So there's some really interesting stuff going on with Fcitx5, and for most time it has been stable enough to replace the aging Fcitx4.
For most open source software, they uses Qt Library provided by the operating system, and so they have no problem loading the corresponding IM module. But for some proprietary software, they have its own Qt library (likely due to the incompatibility between different Qt versions), which does not want to work with the system IM module at all. Yikes.
So we are gonna to fix it! The author of Fcitx, csslayer, has already wrote an awesome article about this topic (which you can find it here). This article just explain some more details about the procedure and change some steps to make it work with
Prepare the stuff
For obvious reasons, you will need to build the library with the same Qt version that the absolutely proprietary software. Just take a look at where the Qt libraries live in, and some of them has the exact version number at the end of their file name (something like
If they don't have a version number in their file name (like
Mathematica), you can also just check the contents of the library. Use the following command:
should give you an exact version.
Then, we will need to download the corresbonding version of Qt from Qt website. In this example, we will try to add Fcitx5 support to Zoom, and (for now) they are using Qt 5.9.6, so just download the installer from here and install it. We only need Qt itself for Desktop (Something like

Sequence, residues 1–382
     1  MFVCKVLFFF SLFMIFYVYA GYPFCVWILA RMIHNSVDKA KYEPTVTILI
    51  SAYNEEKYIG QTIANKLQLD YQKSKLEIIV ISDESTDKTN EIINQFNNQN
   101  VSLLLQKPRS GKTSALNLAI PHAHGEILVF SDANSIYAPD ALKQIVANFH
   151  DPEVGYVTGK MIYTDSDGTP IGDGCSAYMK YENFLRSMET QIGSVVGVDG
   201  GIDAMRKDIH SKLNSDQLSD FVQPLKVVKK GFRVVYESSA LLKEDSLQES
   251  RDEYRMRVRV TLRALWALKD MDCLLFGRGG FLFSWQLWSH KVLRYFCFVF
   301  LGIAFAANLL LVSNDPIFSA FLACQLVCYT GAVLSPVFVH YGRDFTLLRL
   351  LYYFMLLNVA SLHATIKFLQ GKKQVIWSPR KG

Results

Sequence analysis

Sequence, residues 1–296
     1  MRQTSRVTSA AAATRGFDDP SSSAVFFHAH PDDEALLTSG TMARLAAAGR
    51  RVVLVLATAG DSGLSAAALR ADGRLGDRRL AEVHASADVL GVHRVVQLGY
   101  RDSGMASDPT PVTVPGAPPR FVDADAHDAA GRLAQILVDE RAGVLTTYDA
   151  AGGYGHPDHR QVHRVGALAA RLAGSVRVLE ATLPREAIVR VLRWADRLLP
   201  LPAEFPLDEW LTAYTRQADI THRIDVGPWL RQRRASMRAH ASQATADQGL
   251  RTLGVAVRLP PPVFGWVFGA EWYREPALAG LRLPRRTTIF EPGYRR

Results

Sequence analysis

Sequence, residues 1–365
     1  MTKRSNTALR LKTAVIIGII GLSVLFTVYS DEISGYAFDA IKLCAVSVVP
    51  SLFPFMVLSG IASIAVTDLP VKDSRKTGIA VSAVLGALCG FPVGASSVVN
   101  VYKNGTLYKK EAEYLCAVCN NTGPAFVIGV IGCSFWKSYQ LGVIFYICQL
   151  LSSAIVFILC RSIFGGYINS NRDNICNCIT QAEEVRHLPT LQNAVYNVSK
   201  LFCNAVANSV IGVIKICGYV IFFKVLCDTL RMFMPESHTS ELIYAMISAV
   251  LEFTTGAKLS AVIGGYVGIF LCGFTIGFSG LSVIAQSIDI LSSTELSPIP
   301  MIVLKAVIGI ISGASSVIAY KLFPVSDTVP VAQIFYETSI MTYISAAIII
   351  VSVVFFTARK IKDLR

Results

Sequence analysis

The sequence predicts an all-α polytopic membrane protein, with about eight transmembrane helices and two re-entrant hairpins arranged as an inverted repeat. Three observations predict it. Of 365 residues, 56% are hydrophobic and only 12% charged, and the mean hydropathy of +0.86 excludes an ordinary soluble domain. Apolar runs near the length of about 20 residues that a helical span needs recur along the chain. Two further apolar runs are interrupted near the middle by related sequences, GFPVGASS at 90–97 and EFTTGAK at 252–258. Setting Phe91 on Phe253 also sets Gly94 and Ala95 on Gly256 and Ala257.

Desktop gcc 64bit).
We will need a compiled version
fcitx5 in the system. In Arch Linux and AOSC OS, this can be easily done by installing the package from official repository.
Also, we need
extra-cmake-modules, also available in official repository.
Compile the module.
Clone the fcitx5-qt repository, and run this in the repository:
It should go very smoothly if you have everything prepared.
Then, head toward
$REPO/qt5/platforminputcontext, and run
And it should spill out a
libfcitx5platforminputcontextplugin.so we need. Hooray!
Relink the module to the right Qt library
But not so fast. Since during the build, it is using the Qt library from our Qt installation, not the actual Qt library the proprietary software is actually using. Sometimes the library will (magically) work, but we'd still better link it to the correct library the program is going to use.
Check the output for the last output, there should be something like this:
Note that at the end, the library is dynamically linked to the Qt libraries in our Qt installation. That's not correct. We need to replace it with the Qt library found in the software. Replace the path with the actual location of Qt lib in the proprietary software. The end result should look like this (still use zoom as an example):
After this, we can now copy the generated library to the destination folder, which is usually located in
platforminputcontexts inside the proprietary software's Qt library directory.
And then, everything should work.